Lifestyle

Cora’s Diner in Bremerton: a hole in the wall that will fill the hole in your belly

Cora’s Diner co-owners Rick and Cora Foxworth serve everything from hamburgers to adobo.   - Wesley Remmer/staff photo
Cora’s Diner co-owners Rick and Cora Foxworth serve everything from hamburgers to adobo.
— image credit: Wesley Remmer/staff photo

When he worked across the street at the Puget Sound Naval Shipyard, Allen McIntosh walked to Cora’s Diner in Bremerton at least once a week.

He kept coming back because he felt welcome. The owners remembered his name and often went out of their way to accommodate his palate, preparing food that wasn’t on the menu.

And it didn’t hurt that it all tasted good.

“It’s the friendly atmosphere,” said McIntosh, 27, who recently transferred jobs from Bremerton to Keyport, but made a return trip to Cora’s on Tuesday. “It’s like having lunch at a friend’s house.”

McIntosh ordered the “Bremersaurus,” a dinosaur-sized burger served on a French roll. The fixings included two beef patties, two slices of bacon, two slices of cheddar cheese and two slices of tomato, as well as pickles, lettuce and onion.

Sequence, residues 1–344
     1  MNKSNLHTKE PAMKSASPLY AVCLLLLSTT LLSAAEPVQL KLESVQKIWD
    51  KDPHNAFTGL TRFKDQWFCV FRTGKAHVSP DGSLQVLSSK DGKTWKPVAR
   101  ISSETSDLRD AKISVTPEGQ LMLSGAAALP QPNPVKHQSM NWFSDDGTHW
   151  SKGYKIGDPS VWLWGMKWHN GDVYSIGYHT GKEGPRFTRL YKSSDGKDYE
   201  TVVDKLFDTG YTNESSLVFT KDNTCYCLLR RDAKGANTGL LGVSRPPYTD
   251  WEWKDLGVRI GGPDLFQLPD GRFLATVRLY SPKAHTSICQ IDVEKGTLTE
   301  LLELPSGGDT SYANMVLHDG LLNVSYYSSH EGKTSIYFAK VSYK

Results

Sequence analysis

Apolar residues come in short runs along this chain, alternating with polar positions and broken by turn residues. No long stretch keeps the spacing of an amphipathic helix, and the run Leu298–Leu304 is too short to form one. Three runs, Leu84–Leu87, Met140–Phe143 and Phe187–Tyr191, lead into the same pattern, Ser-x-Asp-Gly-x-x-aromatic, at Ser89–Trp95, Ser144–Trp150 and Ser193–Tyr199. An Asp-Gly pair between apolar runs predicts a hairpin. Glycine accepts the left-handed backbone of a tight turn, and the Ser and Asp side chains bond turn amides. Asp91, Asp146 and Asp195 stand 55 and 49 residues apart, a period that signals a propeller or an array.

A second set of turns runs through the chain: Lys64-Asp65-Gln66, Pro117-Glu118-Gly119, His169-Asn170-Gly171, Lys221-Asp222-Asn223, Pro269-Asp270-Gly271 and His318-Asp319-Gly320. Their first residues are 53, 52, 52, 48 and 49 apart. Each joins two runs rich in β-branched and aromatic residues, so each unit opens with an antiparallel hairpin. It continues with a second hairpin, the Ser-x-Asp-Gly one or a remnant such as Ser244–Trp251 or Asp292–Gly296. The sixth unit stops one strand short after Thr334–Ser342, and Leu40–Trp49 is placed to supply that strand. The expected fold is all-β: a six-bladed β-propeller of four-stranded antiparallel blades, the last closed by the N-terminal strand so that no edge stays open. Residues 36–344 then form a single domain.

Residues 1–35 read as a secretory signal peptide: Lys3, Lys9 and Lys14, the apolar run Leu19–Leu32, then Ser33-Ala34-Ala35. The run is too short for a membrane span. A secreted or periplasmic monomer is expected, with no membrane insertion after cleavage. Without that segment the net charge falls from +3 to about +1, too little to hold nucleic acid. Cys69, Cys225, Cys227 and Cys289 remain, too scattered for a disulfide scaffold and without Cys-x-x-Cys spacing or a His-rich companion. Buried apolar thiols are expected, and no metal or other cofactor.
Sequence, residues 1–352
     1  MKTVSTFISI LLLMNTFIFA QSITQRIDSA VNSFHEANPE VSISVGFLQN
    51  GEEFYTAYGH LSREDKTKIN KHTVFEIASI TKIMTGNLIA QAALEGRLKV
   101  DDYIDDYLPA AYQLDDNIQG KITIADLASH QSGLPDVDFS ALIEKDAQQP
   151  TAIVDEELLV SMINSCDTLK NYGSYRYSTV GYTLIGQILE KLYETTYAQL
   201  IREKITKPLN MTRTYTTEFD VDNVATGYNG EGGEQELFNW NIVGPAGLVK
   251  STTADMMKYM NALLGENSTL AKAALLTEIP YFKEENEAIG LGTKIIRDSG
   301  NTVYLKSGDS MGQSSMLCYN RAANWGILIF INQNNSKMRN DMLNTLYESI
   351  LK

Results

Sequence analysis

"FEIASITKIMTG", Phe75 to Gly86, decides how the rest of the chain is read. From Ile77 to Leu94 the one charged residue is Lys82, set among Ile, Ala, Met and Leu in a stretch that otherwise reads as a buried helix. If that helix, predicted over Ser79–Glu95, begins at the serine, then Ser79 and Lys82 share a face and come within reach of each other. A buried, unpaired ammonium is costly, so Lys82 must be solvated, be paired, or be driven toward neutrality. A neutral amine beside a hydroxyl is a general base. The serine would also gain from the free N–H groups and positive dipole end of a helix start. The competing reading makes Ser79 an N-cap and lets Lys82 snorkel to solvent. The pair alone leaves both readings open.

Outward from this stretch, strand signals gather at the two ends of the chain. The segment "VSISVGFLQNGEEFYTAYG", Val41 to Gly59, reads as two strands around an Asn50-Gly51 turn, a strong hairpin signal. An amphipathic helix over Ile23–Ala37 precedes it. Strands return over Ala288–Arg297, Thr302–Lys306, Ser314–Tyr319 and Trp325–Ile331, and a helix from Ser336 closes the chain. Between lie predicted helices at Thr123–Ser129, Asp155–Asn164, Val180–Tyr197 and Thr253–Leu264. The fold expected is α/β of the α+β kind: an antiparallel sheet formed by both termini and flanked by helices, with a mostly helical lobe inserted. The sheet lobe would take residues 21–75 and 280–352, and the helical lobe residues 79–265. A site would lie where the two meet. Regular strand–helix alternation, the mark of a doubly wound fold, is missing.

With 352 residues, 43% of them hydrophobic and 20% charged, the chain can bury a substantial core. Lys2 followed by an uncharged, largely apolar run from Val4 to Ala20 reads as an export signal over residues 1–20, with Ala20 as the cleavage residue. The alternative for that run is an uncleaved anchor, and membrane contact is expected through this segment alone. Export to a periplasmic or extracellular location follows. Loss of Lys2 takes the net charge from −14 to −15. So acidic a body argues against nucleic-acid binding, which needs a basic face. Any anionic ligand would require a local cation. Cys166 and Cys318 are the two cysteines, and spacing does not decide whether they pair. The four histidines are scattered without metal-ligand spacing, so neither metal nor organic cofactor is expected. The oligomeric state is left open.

It’s a Cora’s specialty, one item on a menu co-owner Rick Foxworth calls “typical Americana.” The burgers at Cora’s cost between $4 and $6, another draw for customers.

Another popular dish at Cora’s is the pork adobo, served only on Thursday. It’s so popular it is often sold out by the middle of the afternoon.

“It’s good food and it’s cheap food,” said Sam Overtarf, 29, an employee at the nearby Dimensions4 graphics company who visits Cora’s at least once a week.

The diner opened in November 2004 as a hole-in-the-wall on Fourth Street when husband and wife Rick and Cora Foxworth decided they wanted their own establishment. The owners, who met in Cora Foxworth’s native Philippines, have been married 32 years and run the diner as a team.

Business has been steady since day one, Rick Foxworth said, but there has been a decline over the past three years.

The diner used to be famous for what he called a New Orleans-themed mural. The mural spanned Cora’s exterior walls and included a saxophonist playing his instrument while his feet hung out a second-story apartment window. Locals, and even tourists, knew about the mural, and it attracted customers.

“Then we came in one morning and there was newspaper covering the windows on the outside,” Rick Foxworth said. “It was a landmark. If someone called and asked where we were, we just said we were the place with the saxophone mural.”

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